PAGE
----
The Value of Christmas Trees

"...there is no reason why the joy associated with the Christmas evergreen may not be a means of arousing in the minds of children an appreciation of the beauty and usefulness of trees; and keen appreciation of the beauty and usefulness of trees is a long stop toward the will to plant and care for them (Arthur Sowder, US Forest Service, 1949)."

Thursday, May 5, 2011


I'm surprised how many spruce spider mites I'm seeing this spring, considering how wet it's been. I have been in several fields where individual trees were absolutely cover in mites.

This terminal is covered up in spider mites and their eggs. There is even some webbing between the needles which is where spider mites got their name.

This shot shows my fingers after handling the mite covered terminal. This is the color of squished mites!

These trees were at the site of our organic study. I think I will treat them all sometime in the next few weeks. What's complicating this is that the new growth is out. I'm afraid I'll burn them which is why I'm going to hold off a few weeks.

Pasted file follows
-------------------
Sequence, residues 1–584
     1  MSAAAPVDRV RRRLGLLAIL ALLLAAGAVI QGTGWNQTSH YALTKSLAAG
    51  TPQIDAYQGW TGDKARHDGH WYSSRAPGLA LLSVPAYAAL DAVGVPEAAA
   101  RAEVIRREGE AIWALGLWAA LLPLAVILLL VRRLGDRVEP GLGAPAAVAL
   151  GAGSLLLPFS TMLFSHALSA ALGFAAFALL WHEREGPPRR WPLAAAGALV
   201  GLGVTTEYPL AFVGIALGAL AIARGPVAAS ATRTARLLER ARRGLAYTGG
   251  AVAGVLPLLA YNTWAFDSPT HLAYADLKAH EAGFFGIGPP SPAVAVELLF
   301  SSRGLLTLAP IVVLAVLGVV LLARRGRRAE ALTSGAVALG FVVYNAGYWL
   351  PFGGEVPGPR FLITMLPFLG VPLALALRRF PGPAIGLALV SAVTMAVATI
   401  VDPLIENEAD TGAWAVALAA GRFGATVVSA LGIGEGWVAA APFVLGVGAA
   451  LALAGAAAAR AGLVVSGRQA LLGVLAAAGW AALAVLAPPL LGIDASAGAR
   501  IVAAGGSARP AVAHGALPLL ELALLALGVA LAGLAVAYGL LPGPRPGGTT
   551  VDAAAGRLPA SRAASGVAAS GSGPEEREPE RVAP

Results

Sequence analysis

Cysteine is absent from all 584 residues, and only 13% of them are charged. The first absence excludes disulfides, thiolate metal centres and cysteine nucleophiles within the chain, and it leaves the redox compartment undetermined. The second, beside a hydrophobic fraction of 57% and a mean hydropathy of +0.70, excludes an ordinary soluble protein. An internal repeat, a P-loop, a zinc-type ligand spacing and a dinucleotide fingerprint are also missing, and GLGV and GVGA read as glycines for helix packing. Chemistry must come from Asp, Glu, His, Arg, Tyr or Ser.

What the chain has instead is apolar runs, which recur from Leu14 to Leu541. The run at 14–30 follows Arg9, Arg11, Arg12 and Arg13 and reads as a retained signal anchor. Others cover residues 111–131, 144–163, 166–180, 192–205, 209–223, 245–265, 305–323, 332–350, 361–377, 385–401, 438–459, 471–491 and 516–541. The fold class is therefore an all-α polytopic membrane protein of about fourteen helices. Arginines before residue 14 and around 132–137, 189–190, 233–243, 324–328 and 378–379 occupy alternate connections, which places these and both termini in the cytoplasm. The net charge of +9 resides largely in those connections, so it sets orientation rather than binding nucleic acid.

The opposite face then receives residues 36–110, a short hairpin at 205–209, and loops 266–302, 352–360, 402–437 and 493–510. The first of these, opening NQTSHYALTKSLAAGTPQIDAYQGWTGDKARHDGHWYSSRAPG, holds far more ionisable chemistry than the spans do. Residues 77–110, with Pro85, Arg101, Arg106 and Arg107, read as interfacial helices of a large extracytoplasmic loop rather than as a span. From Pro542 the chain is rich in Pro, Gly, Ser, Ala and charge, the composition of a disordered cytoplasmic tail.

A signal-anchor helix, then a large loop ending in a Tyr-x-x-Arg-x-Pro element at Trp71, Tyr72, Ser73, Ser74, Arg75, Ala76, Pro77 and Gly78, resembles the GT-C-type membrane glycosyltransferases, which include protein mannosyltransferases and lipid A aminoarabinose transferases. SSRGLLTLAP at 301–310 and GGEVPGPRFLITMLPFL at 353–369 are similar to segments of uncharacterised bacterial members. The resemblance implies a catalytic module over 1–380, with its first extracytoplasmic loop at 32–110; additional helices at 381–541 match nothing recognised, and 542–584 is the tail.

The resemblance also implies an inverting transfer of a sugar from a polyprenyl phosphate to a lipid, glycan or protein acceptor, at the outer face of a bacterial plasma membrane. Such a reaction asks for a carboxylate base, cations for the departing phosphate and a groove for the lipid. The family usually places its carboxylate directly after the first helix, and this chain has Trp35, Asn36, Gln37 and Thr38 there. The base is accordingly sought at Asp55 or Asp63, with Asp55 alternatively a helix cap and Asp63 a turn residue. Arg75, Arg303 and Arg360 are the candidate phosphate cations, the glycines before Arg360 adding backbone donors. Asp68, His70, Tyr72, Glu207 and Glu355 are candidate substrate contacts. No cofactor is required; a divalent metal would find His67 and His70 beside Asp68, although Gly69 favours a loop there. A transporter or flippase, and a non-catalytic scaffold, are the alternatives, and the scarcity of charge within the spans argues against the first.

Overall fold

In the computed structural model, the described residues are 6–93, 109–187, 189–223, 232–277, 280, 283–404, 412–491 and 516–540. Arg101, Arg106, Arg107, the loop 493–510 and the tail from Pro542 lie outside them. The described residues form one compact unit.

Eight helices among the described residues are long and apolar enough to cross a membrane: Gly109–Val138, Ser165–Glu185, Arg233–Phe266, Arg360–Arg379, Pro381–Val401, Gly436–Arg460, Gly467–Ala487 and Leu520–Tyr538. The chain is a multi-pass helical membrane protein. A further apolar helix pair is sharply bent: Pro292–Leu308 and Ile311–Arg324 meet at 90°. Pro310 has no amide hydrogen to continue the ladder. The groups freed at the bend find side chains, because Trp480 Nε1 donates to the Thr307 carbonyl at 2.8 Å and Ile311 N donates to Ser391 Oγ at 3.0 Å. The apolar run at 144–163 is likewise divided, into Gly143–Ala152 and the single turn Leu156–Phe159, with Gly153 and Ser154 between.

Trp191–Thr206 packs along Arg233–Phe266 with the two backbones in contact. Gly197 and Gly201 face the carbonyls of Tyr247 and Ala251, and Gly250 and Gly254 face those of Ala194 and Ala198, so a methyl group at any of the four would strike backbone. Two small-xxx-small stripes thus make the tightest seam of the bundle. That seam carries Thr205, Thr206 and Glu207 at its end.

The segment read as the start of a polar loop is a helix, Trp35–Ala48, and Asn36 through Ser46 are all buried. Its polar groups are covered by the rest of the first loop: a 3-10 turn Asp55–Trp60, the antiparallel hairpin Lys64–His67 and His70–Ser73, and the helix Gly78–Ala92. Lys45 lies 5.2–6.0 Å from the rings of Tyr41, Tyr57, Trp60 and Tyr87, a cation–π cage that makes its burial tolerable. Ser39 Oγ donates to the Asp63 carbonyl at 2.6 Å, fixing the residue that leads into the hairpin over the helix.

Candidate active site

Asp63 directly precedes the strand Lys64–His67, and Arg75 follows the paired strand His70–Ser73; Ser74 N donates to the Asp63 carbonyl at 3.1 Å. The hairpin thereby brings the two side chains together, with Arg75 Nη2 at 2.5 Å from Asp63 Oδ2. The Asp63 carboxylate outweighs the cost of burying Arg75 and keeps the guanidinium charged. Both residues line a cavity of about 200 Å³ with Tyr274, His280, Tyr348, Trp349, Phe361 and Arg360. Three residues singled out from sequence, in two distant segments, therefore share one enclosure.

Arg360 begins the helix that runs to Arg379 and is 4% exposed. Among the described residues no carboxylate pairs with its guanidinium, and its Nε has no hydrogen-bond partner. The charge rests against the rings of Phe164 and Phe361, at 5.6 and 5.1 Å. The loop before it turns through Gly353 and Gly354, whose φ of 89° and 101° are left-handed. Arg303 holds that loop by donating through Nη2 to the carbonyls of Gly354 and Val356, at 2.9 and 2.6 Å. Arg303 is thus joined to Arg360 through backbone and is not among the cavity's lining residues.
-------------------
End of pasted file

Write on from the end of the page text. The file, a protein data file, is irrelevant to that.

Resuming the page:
The final shot I'm posting today shows the difference in the ground covers between the organically grown trees, which are full of grass, and the "late" organic trees that are still being grown conventionally with Roundup use. We will switch to organic production the last three years before sale.

The organic is in the background, and that's where Brad's mowing. In the foreground are the "late" organic, which haven't been treated yet with Roundup. There were areas of the field where the clover was keeping out any weed problems. There appears to be much more biodiversity with the use of Roundup. Hopefully this summer I can get some data along these lines. But for right now, a picture is worth a thousand words!

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